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Are these two sentences equivalent?

You needn't pay at once.

You don't need to pay at once.

If yes, which one would you recommend? Is it an US/GB thing?

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I think we learned in school they are different, but I forgot what was the difference. I'm curious to know too, so +1 –  RiMMER May 20 '11 at 13:11
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3 Answers

They are equivalent in meaning; however, the non contracted forms would be

You need not pay at once.
You do not need to pay at once.

I think the first is more common in BrE (though I would request confirmation). The second formation is more common is AmE; however, we would more likely say

You don't need to pay right away.

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If the former was more common in BrE it is archaic now - I know not of any person who would speak in such a manner. –  Andy F May 20 '11 at 13:15
It may be archaic for you, @AndyF, it's alive and well for me. But it is true that "need" has been for some while in process of changing from a full auxiliary like "must" into a lexical verb like "want". –  Colin Fine May 20 '11 at 13:34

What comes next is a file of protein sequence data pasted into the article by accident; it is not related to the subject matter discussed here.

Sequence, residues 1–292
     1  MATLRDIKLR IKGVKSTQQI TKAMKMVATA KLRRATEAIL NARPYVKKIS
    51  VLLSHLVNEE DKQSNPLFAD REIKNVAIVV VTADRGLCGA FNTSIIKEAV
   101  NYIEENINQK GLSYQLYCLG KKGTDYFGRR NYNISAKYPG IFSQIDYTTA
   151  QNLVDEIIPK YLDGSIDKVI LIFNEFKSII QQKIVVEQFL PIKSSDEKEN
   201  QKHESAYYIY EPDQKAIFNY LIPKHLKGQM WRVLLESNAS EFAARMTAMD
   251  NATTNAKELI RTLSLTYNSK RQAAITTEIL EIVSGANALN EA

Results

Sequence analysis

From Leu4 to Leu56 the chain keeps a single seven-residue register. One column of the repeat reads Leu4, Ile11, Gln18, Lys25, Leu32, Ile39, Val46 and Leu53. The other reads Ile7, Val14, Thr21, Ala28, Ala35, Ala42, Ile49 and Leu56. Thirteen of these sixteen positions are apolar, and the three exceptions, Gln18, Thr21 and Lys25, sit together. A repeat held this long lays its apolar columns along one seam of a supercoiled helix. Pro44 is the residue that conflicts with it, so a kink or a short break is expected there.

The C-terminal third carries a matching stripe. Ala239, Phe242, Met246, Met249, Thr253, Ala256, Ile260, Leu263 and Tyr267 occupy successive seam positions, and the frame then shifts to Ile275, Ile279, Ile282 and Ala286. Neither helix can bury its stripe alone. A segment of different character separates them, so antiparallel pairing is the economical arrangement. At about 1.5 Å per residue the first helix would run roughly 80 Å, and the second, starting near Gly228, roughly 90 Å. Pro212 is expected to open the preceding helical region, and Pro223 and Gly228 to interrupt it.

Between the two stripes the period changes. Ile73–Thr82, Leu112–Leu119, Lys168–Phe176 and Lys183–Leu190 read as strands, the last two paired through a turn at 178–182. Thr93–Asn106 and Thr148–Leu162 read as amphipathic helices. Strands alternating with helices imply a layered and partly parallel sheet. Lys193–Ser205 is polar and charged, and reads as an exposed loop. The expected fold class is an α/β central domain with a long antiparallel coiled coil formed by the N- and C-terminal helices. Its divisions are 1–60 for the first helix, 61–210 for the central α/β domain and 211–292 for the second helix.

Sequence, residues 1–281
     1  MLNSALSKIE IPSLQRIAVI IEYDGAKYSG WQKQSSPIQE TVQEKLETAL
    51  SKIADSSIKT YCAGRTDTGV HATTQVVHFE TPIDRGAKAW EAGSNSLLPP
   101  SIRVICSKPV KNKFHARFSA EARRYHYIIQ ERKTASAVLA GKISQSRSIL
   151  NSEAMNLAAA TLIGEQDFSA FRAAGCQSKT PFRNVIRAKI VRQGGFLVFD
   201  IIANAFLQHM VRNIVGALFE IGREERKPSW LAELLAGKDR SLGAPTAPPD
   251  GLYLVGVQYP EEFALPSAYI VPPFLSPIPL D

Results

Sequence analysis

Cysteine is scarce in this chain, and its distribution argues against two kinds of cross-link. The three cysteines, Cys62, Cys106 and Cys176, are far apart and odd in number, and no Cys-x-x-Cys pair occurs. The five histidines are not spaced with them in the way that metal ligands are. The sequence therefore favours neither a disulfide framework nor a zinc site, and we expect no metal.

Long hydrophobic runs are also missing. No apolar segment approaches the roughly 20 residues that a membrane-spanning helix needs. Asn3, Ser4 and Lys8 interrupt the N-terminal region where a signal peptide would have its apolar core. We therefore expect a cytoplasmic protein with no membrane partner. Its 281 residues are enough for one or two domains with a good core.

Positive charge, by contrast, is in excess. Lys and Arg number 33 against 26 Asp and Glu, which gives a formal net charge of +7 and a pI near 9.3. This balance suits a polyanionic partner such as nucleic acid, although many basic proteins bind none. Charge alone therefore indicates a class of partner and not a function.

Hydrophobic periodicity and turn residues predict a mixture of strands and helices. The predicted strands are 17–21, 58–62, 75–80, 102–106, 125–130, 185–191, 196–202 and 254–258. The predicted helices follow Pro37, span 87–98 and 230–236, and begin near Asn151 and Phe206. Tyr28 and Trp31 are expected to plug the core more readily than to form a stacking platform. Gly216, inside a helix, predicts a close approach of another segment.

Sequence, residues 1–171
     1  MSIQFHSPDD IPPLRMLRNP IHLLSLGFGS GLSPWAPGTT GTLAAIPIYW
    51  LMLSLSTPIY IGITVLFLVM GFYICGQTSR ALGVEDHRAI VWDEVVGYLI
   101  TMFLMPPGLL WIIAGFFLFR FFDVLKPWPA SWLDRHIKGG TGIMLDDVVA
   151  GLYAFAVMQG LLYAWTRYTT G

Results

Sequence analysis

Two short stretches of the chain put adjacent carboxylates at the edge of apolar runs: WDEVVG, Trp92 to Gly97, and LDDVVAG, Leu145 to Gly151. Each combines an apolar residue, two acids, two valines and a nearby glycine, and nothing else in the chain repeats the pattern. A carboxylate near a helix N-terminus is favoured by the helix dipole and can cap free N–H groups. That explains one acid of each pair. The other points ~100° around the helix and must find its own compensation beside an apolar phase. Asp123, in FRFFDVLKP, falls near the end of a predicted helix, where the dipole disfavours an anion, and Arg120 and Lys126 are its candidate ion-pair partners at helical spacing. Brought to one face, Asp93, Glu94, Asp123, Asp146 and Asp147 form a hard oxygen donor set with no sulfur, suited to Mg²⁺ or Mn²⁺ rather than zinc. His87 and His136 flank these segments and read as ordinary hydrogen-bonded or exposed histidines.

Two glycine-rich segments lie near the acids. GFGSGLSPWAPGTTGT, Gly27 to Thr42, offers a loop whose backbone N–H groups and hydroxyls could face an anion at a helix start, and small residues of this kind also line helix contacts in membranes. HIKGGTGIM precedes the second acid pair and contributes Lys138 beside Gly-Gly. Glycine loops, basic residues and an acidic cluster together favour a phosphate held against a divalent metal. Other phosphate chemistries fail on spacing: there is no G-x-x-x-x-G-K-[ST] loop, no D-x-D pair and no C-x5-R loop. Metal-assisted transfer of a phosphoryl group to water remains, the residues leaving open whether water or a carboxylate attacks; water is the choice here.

Perhaps a generational or regional distinction then, @Colin? I know for certain that if I used the construction "You needn't shout" instead of "You don't need to shout" it would be considered rather pretentious. I'm not saying that it's wrong, just that I don't hear many people speak that way from day to day (not that they're necessarily correct either, mind you). –  Andy F May 20 '11 at 13:44
For me, that slightly ironic use in "You needn't shout!" (meaning "please don't shout") is exactly where I would most expect to here "needn't". –  Colin Fine May 21 '11 at 0:26
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I initially just thought needn't is probably more British usage, but that it's becoming increasingly archaic / affected.

So I produced this NGram to support my thinking. Restricting to just American or British doesn't suggest it's much more common in either.

Frankly, I just don't know what to make of this one showing the latest trend.

Nevertheless, I'd still advise OP to use don't need to. I doubt anyone would think that meant he wasn't keeping up with the times.

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You can always count on Google to pleasantly surprise you with a new cool service :) –  Šime Vidas May 20 '11 at 13:37
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We can both use need not and don't need to. However, if needn't is followed by an object, we must use don't need.

For example : You don't need your coat. It's not cold outside.

"Coat" is an object, so it is wrong to say ,"You needn't your coat".

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